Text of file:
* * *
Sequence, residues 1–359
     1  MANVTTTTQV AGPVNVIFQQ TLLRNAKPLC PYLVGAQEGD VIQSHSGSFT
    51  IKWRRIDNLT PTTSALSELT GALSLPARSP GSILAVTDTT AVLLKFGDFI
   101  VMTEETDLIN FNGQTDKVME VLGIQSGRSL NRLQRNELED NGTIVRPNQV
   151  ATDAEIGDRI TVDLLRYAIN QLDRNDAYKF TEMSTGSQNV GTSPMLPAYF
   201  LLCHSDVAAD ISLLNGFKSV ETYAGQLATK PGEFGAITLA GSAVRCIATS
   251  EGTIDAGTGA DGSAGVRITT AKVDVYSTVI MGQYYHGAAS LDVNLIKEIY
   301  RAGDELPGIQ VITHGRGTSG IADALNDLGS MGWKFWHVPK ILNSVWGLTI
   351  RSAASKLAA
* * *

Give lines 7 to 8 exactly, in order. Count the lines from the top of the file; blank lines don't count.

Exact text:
   251  EGTIDAGTGA DGSAGVRITT AKVDVYSTVI MGQYYHGAAS LDVNLIKEIY
   301  RAGDELPGIQ VITHGRGTSG IADALNDLGS MGWKFWHVPK ILNSVWGLTI